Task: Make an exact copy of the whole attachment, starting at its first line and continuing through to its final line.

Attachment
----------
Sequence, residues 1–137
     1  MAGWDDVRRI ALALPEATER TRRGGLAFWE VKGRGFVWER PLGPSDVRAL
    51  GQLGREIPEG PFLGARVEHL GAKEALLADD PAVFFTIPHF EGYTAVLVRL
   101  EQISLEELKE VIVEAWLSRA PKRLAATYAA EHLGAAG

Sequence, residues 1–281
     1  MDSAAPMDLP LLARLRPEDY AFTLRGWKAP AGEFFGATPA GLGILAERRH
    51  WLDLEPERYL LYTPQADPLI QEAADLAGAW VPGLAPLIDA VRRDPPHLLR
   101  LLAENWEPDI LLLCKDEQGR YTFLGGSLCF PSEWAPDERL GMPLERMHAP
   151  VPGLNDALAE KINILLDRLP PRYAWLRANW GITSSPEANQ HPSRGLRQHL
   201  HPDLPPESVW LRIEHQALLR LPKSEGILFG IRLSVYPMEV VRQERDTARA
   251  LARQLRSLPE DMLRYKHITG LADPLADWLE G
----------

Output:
Sequence, residues 1–137
     1  MAGWDDVRRI ALALPEATER TRRGGLAFWE VKGRGFVWER PLGPSDVRAL
    51  GQLGREIPEG PFLGARVEHL GAKEALLADD PAVFFTIPHF EGYTAVLVRL
   101  EQISLEELKE VIVEAWLSRA PKRLAATYAA EHLGAAG

Sequence, residues 1–281
     1  MDSAAPMDLP LLARLRPEDY AFTLRGWKAP AGEFFGATPA GLGILAERRH
    51  WLDLEPERYL LYTPQADPLI QEAADLAGAW VPGLAPLIDA VRRDPPHLLR
   101  LLAENWEPDI LLLCKDEQGR YTFLGGSLCF PSEWAPDERL GMPLERMHAP
   151  VPGLNDALAE KINILLDRLP PRYAWLRANW GITSSPEANQ HPSRGLRQHL
   201  HPDLPPESVW LRIEHQALLR LPKSEGILFG IRLSVYPMEV VRQERDTARA
   251  LARQLRSLPE DMLRYKHITG LADPLADWLE G